New Jersey’s longest-serving attorney general in decades is stepping down to take a job investigating financial misconduct with a federal agency.
Gurbir Grewal said Tuesday he will lead the U.S. Securities and Exchange Commission’s enforcement division, which regulates financial markets.
“Through his efforts standing up to the Trump administration’s attacks on New Jersey and our diverse communities, instituting historic reforms in policing, and leading the fight against gun violence, Attorney General Grewal has been an invaluable member of our administration,” Gov. Phil Murphy, a Democrat whom appointed Grewal, said in a statement. “Though we’ll miss his leadership, I know he’s the right person to protect investors all across the nation.”
Murphy will name an interim attorney general this week to finish out the term which ends in January, according to spokeswoman Alyana Alfaro.
Grewal begins his new position July 26. The chair of the U.S. Securities and Exchange Commission said he was “honored and delighted” to welcome Grewal.
“He has the ideal combination of experience, values, and leadership,” Gary Gensler said in a press release.
In a statement, Grewal thanked the governor and his colleagues in New Jersey and said he was “excited to get to work … to uncover and prosecute misconduct.”
Grewal has been the state’s top law enforcement leader for more than three years, the first to hit that mark since the early 1990s.
As the nation’s first Sikh state attorney general, Grewal and his office have overhauled the rules governing police use of force in New Jersey for the first time in a generation and joined other states to sue the federal government more in three years than the Garden State had in the previous four decades, while simultaneously investigating and prosecuting a range of crimes.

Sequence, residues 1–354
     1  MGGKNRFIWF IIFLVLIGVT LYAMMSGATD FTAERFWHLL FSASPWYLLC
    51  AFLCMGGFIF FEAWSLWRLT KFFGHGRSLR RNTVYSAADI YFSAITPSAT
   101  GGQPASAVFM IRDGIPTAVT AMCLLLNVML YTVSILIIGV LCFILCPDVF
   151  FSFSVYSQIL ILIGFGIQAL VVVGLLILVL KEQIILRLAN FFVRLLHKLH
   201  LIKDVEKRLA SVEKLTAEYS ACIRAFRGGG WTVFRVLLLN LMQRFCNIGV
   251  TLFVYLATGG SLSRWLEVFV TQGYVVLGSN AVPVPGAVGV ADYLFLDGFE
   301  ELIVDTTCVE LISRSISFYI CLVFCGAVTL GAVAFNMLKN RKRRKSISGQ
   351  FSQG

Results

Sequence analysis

Attorneys general in New Jersey have more direct authority over local police than in any other state.
Civil rights advocates, law enforcement officials and other state leaders have said Grewal generally included them in the decision-making process even when there were policy disagreements. Grewal had similarly found ways to compromise with police unions on a host of new rules until the two recently clashed over a plan to publicly identify cops found guilty of misconduct.
The unions sued to block any disclosure, but the state Supreme Court ultimately said Grewal could name disciplined officers.
Although Grewal has often positioned himself as a progressive, he has also pushed back against calls to “defund the police,” arguing that more money is needed to improve training.
During an interview early this year, Grewal said he hoped to serve as attorney general for another four years if Murphy is re-elected.
“I think this is the greatest job, and if he thinks that I am doing a good job I’d love to continue,” Grewal said Jan. 13. “I don’t have any regrets.”
At the time, a Murphy spokesman didn’t respond to a question about whether they planned to re-nominate Grewal.
Three sources familiar with the administration said Tuesday they were not surprised Grewal is leaving because there had been longstanding “friction” between Grewal and the governor’s office, as a result of Murphy’s staff feeling they were sometimes not fully looped in on Grewal’s initiatives.
A top source in Murphy’s administration said those claims were “way overblown,” stressing that Grewal’s agency was set up to be independent, “unlike previous administrations.”
A Grewal spokesman did not immediately respond to a question about his relationship with the governor’s office.
Grewal’s also worked as a county and federal prosecutor, and he made $175,000 a year when he began as attorney general.
NJ Advance Media staff writer Ted Sherman contributed to this report.
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